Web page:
Which brings us to Coit Tower. From Wikipedia:

Coit Tower is a 210-foot (64 m) tower in the Telegraph Hill neighborhood of San Francisco, California, offering panoramic views over the city and the bay. The tower, in the city’s Pioneer Park, was built between 1932 and 1933 using Lillie Hitchcock Coit’s bequest to beautify the city of San Francisco. It was added to the National Register of Historic Places on January 29, 2008.

The art deco tower, built of unpainted reinforced concrete, was designed by architects Arthur Brown, Jr. and Henry Howard. The interior features fresco murals in the American Social Realism style, painted by 25 different on-site artists and their numerous assistants, plus two additional paintings installed after creation off-site.

… The Coit Tower murals in the American Social Realism style formed the pilot project of the Public Works of Art Project, the first of the New Deal federal employment programs for artists. Ralph Stackpole and Bernard Zakheim successfully sought the commission in 1933, and supervised the muralists, who were mainly faculty and students of the California School of Fine Arts (CSFA)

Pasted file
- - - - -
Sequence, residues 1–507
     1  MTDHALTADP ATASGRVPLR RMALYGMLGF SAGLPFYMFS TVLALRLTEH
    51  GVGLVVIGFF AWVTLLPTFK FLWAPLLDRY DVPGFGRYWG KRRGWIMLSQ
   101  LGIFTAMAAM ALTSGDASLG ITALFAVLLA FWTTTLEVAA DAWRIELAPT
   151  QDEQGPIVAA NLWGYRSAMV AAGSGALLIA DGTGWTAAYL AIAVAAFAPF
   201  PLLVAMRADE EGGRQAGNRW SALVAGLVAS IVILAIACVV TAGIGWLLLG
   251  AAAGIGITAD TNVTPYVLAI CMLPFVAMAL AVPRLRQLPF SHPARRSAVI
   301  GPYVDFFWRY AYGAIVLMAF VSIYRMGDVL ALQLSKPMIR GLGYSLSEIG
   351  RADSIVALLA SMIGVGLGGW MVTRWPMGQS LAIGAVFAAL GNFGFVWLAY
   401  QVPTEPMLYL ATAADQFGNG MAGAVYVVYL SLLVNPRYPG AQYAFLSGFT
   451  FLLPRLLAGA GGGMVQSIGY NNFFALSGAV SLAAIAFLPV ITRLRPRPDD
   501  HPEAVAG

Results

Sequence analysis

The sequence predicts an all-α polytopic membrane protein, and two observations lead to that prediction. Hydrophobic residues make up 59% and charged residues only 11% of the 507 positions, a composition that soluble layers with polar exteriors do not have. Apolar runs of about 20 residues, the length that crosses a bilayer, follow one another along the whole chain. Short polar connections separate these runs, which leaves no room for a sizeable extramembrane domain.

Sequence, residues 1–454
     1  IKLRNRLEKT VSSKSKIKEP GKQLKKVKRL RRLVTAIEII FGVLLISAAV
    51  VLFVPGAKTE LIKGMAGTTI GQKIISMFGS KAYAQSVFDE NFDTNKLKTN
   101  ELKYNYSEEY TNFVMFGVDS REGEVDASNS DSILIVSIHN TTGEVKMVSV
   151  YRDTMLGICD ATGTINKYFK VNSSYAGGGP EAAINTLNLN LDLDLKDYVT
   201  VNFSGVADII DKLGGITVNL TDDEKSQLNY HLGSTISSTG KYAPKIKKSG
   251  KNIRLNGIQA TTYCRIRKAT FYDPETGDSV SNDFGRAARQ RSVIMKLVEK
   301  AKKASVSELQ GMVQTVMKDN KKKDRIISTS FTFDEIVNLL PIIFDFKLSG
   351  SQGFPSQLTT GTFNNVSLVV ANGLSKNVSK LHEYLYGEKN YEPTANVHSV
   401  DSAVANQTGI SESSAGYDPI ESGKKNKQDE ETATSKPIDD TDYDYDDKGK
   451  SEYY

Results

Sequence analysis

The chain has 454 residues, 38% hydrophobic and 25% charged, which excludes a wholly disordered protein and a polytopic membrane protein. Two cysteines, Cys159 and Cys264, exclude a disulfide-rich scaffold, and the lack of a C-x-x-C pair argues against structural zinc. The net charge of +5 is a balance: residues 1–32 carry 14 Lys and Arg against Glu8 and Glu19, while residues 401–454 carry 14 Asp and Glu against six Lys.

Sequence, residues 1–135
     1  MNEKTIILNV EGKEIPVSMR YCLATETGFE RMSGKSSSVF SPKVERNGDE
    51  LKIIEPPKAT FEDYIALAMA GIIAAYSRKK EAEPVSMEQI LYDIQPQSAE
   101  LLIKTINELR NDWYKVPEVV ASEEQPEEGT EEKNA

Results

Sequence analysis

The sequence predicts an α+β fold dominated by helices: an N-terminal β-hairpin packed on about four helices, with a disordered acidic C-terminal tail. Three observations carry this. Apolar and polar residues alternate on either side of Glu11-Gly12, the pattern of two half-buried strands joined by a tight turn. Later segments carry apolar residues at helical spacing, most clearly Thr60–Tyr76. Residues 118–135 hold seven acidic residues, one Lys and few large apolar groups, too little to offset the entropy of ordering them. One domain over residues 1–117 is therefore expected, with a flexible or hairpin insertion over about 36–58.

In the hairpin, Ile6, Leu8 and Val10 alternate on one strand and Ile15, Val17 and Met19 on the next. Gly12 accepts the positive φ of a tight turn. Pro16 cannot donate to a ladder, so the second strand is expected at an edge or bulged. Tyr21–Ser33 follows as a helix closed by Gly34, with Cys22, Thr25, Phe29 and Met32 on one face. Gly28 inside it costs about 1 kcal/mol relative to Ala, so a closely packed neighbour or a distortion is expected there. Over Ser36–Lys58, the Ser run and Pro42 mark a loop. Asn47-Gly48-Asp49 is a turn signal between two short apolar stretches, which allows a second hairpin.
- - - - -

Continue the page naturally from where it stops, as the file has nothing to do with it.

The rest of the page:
(#4) Ralph Stackpole’s Industries of California in Coit Tower

… The artists were committed in varying degrees to racial equality and to leftist and Marxist political ideas, which are strongly expressed in the paintings.

(Note the commitment to racial equality, 80 years ago. Then years of harsh and bloody struggles for civil rights. Now we’re trying again with Black Lives Matter and No Justice / No Peace.  Lord, have mercy upon us, and incline our hearts to keep this law.)

Finally, in my posting of 5/29/18 “It’s alive!”, a section on Victor Arnautoff, for two decades a professor of art at Stanford, the artist of the City Life mural in Coit Tower — #2 above — and also of a set of murals at the old Palo Alto Medical Foundation building (around the corner from my house), which sits moldering and in need of restoration.

 

One Response to “murals”

  1. arnold zwicky Says:

    On 6/7/20, this comment from Dan Goncharoff on ADS-L:

    I remembered this story from a few years ago:

    It uses the term “asphalt mural”.

    This article from 2009 uses “pavement mural”:

    https://www.smithsonianmag.com/smithsonian-institution/muralist-uses-the-sidewalk-outside-the-sackler-gallery-as-canvas-20678724/